The biggest challenge that most bloggers have isn’t the creation of content, choosing the right WordPress Theme that best showcases their personality, or even getting traffic to their blogs via Facebook or Twitter – the biggest challenge is simply not quitting.
You’ve probably experienced being a victim of your own blog’s demise already – perhaps more than a few times over already. You started that new blog with defiance telling everyone you know, and especially yourself, that “this” is the “one” and that you’re going the distance and that you’ll blog every single day because you’re so gosh-darn passionate about this particular subject (with even a bit of focus perhaps!).
Three months later you’re scratching your head and you don’t even want to boot up the blog to look at it much less the back-end administration panel to write anything. You’ve quit. You’ve become depressed and it’s most likely because you weren’t seeing the results that you had expected to see.
After working online for all these years I know of only a few things that seem to hold true, the biggest truth is that the internet is extremely fickle and you simply have no way of knowing when the proverbial lightning will actually strike. Seriously. 90% of this business is pure luck. The other 10% (and that’s a big 10%) is part strategy mixed with a heck of a lot of execution.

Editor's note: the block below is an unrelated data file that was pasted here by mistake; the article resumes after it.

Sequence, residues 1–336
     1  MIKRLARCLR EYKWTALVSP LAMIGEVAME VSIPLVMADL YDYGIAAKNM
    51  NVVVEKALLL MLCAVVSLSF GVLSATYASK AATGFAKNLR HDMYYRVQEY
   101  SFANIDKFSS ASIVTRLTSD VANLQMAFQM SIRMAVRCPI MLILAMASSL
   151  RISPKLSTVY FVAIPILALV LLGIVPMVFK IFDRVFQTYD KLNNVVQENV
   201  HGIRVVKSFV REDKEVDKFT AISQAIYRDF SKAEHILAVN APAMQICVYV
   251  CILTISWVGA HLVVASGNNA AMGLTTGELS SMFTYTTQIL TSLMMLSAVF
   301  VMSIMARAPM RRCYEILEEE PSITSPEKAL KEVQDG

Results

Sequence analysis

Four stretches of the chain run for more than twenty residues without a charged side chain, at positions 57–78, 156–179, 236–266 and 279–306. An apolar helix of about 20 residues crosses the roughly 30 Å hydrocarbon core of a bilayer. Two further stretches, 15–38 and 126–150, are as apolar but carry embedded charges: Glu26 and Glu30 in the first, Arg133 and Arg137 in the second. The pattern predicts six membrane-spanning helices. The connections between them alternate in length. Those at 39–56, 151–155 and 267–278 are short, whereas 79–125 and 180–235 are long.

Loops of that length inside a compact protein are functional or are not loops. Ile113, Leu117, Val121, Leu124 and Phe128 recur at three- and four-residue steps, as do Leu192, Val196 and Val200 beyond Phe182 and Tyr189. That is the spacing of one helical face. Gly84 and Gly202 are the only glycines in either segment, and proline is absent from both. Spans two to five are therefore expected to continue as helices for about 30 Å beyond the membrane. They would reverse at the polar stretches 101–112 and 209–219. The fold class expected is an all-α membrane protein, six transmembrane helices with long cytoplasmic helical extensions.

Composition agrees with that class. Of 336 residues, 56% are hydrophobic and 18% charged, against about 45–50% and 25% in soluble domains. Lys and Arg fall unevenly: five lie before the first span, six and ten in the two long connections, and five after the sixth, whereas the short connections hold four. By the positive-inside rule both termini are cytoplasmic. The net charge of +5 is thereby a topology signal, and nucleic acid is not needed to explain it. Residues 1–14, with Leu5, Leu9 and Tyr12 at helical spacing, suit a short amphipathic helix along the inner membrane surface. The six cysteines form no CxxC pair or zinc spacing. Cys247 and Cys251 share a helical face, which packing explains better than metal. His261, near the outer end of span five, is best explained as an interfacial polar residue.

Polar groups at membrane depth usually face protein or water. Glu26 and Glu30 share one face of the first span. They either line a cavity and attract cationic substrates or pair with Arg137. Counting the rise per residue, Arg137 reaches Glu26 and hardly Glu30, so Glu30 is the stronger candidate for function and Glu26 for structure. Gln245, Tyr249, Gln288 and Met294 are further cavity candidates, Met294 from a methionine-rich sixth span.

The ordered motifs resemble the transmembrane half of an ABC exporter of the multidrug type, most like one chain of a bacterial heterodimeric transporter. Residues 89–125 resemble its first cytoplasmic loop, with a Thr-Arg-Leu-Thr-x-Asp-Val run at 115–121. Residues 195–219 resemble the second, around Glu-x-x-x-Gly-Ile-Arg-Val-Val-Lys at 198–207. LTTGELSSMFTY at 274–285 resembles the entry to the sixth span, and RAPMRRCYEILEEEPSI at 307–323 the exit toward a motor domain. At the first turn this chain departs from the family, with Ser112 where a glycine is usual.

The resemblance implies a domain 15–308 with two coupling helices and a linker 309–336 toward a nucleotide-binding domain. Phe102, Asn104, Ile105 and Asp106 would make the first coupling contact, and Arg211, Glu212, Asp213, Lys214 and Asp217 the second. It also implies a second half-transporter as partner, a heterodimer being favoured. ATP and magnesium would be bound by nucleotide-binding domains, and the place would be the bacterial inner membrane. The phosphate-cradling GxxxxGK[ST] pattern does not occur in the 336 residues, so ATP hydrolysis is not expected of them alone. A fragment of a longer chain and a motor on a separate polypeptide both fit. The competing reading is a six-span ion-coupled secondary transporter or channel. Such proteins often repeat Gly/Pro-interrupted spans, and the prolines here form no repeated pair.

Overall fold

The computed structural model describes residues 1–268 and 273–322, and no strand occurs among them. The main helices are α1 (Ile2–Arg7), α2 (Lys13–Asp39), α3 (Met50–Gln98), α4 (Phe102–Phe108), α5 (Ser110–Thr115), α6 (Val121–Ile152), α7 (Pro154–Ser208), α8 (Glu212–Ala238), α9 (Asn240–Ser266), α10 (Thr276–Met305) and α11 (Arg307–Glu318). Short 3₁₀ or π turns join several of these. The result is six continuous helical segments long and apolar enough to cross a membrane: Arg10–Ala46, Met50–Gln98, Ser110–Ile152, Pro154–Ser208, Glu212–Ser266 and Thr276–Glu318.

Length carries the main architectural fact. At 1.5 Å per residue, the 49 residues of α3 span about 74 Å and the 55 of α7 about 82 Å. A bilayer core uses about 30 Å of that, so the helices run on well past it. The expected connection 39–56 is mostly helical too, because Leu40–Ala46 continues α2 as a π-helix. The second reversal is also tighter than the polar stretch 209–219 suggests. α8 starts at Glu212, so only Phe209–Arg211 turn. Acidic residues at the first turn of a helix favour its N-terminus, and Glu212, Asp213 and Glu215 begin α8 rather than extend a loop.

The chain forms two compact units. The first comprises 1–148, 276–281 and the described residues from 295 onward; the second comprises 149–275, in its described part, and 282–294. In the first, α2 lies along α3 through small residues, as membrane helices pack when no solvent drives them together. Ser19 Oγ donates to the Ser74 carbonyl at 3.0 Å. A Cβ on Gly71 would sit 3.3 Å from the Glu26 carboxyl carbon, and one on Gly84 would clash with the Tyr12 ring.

The other truth is that those that presevere are the ones that eventually succeed in the ways that they had always hoped to suceed. In other words, those that don’t quit after the initial romantic/honeymoon period is over are the ones that will see the fruits of their labor.
In the blog world this happens all the time, and it continually happens to me over, and over, and over again. For example, last week one of the biggest blogs in the world picked up a blog post that I had written years ago (September 5, 2009!) and sent me a cascade of traffic that was unsolicited but much appreciated.
The formula? Quite simple. I saw a nice little uptick in my blog traffic because I first blogged that post years ago and then decided not to quit. Easy, right? Not only did I get some nice traffic for a blog I don’t touch very often but I saw some nice residual benefits of being given exposure on an international stage (like more email/RSS subscribers, a flurry of new Twitter followers, etc.) here on this blog.
The point is that I didn’t quit before I was able to see some fruit of my labor. I didn’t stop blogging because I wasn’t seeing the results I had hoped to see. I kept publishing because I really enjoy publishing and I let the results work themselves out in time.
I want to encourage you not to quit. It seems I have to opt-repeat this encouragement but that doesn’t bother me. Let your efforts mature over time and you will see some nice fruits eventually. Sure, there’s no guarantee, but you knew that before you even hit “Publish” that first time, right?
Enjoy the process. Go long-term. Run the good race. It’s a marathon, not a sprint.